A bottle of sunscreen next to a bowl of cereal, fish, and carton of milk.

Osteoporosis, Vitamin D, and Skin Care

“I don’t want to have vitamin D deficiency so I just skip sunscreen altogether.” I wish that I had a nickel for every time I have heard this. I could buy a gallon of gas with it.

Vitamin D deficiency and skin cancer

It is the “go-to” reasoning for a lot of people who decide to expose themselves to direct sunlight without consideration for protecting their skin in any way. Now, don’t get me wrong, being vitamin D deficient is no fun. I have had that condition and had to take supplements. I spent the past fourteen years in Upstate New York and it was fairly common to find people who were deficient in vitamin D. Frankly, I didn’t see any sun for weeks at a time and I probably was not eating foods rich in that important nutrient.

Osteoporosis or skin cancer: is this the choice we have to make?

I am on the nearer side of 60 and one of the issues that many older people face is osteoporosis. This is a condition where we lose bone density resulting in weakened bones. People with osteoporosis are more susceptible to bone fractures and other ailments. Having sufficient vitamin D is important for strong, healthy bones. This begs the question, “Could avoiding the sun actually lead to osteoporosis and bone weakening? Could protecting our skin hurt our bones? Are we trading one bad thing for another?”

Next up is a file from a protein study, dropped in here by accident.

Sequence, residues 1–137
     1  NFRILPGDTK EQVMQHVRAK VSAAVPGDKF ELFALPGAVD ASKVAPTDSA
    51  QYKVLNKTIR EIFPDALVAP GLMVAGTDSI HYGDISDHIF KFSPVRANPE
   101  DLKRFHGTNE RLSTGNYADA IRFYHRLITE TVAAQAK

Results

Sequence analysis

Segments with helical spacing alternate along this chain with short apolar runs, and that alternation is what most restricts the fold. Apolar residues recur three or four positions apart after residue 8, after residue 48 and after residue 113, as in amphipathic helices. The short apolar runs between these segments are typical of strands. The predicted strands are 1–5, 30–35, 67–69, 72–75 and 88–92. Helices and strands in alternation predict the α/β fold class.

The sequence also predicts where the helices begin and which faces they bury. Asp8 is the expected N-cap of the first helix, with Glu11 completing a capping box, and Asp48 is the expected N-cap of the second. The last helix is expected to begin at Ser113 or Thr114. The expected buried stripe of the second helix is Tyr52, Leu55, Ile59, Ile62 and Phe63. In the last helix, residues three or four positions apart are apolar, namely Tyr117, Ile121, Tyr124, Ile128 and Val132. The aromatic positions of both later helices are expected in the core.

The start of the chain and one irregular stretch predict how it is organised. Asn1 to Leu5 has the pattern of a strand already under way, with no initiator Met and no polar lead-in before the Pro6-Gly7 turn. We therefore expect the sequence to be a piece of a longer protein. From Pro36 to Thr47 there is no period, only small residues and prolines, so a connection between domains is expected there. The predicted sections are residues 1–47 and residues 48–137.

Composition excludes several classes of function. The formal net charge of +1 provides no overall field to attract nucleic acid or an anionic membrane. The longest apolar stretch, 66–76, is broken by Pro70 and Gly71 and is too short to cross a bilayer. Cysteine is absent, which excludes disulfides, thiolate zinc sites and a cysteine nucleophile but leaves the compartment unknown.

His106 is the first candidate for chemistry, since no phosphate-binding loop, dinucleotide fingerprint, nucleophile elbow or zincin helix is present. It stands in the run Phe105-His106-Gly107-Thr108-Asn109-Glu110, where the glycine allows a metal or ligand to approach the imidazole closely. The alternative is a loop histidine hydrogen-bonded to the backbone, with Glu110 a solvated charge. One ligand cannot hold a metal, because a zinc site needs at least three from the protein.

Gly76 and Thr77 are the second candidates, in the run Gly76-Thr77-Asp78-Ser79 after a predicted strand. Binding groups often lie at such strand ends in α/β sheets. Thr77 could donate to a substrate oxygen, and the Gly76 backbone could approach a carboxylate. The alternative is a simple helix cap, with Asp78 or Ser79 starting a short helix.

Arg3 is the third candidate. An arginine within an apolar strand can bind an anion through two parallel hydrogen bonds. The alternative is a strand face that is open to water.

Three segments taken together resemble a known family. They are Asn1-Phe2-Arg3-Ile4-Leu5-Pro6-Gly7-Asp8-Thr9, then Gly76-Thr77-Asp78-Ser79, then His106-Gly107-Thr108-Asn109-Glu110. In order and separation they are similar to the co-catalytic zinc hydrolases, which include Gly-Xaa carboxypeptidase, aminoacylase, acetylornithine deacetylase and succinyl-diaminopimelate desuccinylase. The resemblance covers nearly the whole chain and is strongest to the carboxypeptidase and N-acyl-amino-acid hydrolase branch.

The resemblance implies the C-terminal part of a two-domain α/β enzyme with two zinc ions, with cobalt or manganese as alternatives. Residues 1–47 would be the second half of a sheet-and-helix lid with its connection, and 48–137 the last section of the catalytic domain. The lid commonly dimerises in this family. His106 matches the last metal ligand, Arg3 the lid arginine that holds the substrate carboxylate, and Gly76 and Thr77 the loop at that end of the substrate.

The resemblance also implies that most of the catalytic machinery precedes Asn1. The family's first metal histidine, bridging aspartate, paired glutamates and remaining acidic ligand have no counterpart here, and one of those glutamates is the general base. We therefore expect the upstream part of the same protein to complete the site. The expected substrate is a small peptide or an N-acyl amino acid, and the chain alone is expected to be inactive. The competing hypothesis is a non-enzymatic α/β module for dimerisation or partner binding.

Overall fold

Let's turn to the research

Opinions and anecdotes are interesting, but I am always looking for research to give me answers and help me with my decision-making. A recent study from the Mayo Clinic in Rochester, Minnesota, made things clearer1. The study attempted to determine whether sun-protective behaviors increased the risk of osteoporosis and weakened bone fractures. The cross-sectional study involving over 3,400 American adults found that sun-protective behaviors (i.e. staying out of the sun, covering up, and wearing sunscreen) were not associated with lessened bone density or a higher prevalence of osteoporosis.

Link or no link?

According to the study, these findings support sun-protective behaviors and found no link to the negative consequences associated with osteoporotic fractures. Will this make a difference in skincare practices, though? Dr. Megha Tollefson, a dermatologist from the Clinic who led the research, warns that patients may still be reluctant to protect their skin fearing vitamin D deficiency2. Her research team hopes that these findings will continue the conversation about the importance of sun protection, leaning on research and not “myths”.

What can we do about vitamin D deficiency?

Ok, that is great, Scott, but what about vitamin D deficiency? One thing that I have learned is the importance of a healthy diet, which I wrote about a couple of years back. Vitamin D can be found in fish, eggs, and in fortified foods, such as milk, yogurt, and cereal. It seems like almost every breakfast food that I ate as a child was a good source of vitamin D. As always, talk to your physician about your personal needs.

There's a happy medium

I do not advocate staying inside all of the time by any means. I am an outdoor enthusiast, and I am outside every day. I do realize that some sun exposure is a good source of Vitamin D3. Being smart about sun exposure means understanding that the choices I make have consequences and I choose to protect my skin rather than expose it. I believe in balance and moderation in how I treat my body.

What tips do you have for getting vitamin D while avoiding harmful sun damage?

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